1. Kudos to the AMR medical team that extricated Almirola.
First and foremost, I want to send well wishes to Aric Almirola for a speedy recovery. A T5 compression fracture is no joke, and he’ll need some time to get better, even if it’s revealed through follow-up doctor visits there is no further damage to his back.
With that said, we should all stand up and recognize the AMR medical team that extricated him from the No. 43 Ford Saturday night. When his car came to a rest and he immediately dropped the window net, no one imagined Almirola was severely injured. But then reality set in as a nearly half-hour red flag was required to get him out. That gave safety workers time to cut back the roof and get him set up on a backboard before transporting him to the infield care center.
What struck me the most while re-watching on the DVR when I got home was how methodical the extrication was. You could see a sense of urgency in their moves. However, there was never a point when anyone looked chaotic or like they weren’t sure what to do next. Every person present around the No. 43 car appeared to have a role and executed it beautifully.
We still don’t know the full extent of Almirola’s injuries or just how long he may be out of the race car. But you can rest assured the safety crews responsible for removing him didn’t compound the problems he’ll face in the coming weeks.
2. NASCAR needs stiffer penalties for LIS inspection failures before qualifying.
Friday afternoon’s qualifying inspection presented yet another large group of cars sitting on the sidelines. They failed to make it through the LIS inspection station prior to qualifying. Their punishment? Starting in the rear of the field.
The first visit to a mile-and-a-half track since nine drivers didn’t make it through at Texas Motor Speedway last month highlighted the very real problem NASCAR is facing with these failures. There are no winners when drivers don’t get to qualify. Certainly, it’s a black eye to the sport when you have a quarter of the field sitting in the garage instead of out on track. Fans also get cheated from seeing their favorite drivers out there trying to score the pole.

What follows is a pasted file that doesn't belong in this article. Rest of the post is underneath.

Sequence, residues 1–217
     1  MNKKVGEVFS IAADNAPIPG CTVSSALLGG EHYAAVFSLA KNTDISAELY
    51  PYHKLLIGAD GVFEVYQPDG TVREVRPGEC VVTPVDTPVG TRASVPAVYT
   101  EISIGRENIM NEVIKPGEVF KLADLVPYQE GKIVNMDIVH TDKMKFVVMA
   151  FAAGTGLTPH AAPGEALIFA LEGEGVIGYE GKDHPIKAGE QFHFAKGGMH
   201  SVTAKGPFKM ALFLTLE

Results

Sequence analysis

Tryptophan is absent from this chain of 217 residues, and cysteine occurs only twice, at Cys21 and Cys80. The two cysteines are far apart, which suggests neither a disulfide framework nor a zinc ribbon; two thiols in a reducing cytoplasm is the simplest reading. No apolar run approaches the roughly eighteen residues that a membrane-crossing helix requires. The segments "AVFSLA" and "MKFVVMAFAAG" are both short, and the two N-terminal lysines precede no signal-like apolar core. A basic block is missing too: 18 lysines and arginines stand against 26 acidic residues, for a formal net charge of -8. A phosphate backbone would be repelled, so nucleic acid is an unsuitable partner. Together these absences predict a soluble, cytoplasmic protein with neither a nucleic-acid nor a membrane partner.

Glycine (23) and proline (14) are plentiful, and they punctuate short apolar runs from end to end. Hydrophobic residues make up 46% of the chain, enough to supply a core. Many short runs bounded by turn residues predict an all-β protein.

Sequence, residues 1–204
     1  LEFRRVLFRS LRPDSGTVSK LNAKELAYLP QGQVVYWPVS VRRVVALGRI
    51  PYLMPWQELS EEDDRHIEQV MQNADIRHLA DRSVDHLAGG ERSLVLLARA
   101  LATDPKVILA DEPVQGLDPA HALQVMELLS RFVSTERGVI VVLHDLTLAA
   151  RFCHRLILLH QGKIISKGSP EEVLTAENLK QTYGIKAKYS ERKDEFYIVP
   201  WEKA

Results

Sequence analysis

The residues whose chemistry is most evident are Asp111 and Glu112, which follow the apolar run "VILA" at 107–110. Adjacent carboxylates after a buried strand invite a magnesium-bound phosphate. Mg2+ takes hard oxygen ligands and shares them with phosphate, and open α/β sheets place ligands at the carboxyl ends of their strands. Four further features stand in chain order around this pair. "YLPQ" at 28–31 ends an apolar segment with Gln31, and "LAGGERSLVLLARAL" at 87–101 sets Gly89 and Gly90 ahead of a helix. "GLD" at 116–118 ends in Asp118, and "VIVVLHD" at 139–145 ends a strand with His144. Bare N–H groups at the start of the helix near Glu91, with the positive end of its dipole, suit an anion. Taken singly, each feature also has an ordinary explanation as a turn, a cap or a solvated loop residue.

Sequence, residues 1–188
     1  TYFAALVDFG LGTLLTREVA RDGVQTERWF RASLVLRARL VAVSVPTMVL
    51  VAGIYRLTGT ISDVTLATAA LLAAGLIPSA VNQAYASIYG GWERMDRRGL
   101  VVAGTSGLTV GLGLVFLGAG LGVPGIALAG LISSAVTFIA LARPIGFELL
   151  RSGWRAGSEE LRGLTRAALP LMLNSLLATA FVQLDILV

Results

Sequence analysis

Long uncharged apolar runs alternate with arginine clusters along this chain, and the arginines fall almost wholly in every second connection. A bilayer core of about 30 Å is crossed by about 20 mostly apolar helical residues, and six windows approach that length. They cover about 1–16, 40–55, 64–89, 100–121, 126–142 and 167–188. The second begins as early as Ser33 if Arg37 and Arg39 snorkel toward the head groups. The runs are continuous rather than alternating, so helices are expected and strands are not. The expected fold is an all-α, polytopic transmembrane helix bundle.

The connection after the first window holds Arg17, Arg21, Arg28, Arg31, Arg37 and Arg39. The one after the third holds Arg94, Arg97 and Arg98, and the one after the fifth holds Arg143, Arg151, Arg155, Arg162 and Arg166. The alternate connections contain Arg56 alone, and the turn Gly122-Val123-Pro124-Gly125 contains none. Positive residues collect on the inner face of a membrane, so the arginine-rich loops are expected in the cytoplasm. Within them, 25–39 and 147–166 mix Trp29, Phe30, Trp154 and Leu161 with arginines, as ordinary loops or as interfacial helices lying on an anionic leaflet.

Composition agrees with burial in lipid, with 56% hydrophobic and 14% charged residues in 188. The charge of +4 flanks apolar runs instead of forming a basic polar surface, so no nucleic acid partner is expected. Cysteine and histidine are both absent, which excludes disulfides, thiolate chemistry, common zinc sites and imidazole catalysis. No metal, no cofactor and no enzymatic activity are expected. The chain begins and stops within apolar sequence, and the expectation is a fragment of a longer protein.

But the real problem lies with teams. After all, NASCAR has specific rules in place for proper specifications. There’s even a tolerance amount given within reason. Yet you have cars that still can’t make the proper measurements and push the envelope a little too far.
Many have pointed the finger at the sanctioning body and its equipment. They claim that if so many cars aren’t making it through, it has to be a problem on NASCAR’s end. But the fact of the matter is teams have always pushed the envelope as far as they possibly can. Clearly, 11 of those teams pushed it too far in Kansas otherwise how did the other 28 get out on track?
What NASCAR really needs to do is revisit procedures when it comes to how it handles failures ahead of qualifying. Sure, losing practice time or pit selection can hurt. But starting in the back of the field is usually countered by sticker tires those who don’t qualify get to start the race on.
Instead, maybe what the sanctioning body needs to do is to issue a penalty that hits crew chiefs where it hurts. I don’t claim to have the perfect answer, but I’d imagine docking points would get them to pay attention. Or perhaps taking away a set of tires for the race?
The bottom line is that something needs to be done to deter teams from pushing their cars so close to the edge of the tolerance line each week. Having 25 percent of the field in the garage instead of on track for qualifying is unacceptable.
3. Ryan Blaney will win soon
Blaney nearly snagged his first career win Saturday night; he may have had a better shot if his car wasn’t so loose in the closing laps. After running top five in both practice sessions Friday, Blaney put his No. 21 Ford on the pole for Saturday night’s Go Bowling 400. He then led eight times for 83 laps at Kansas en route to a fourth-place finish.
“The last three races have been really, really bad, and it’s just an extra kind of slap to the face that we’ve had really fast cars in all those races we had troubles in, and we shouldn’t have finished 35th,” Blaney said during his post-race media availability. “It was nice to show our muscle this weekend and prove that, like I said, this is where the No. 21 team deserves to be, so it’s just nice to get back on track.
“Yeah, of course we wanted to win. But at the same time, you look at the gains we made all weekend and really being fast all weekend, that puts us back to where we need to be for sure.”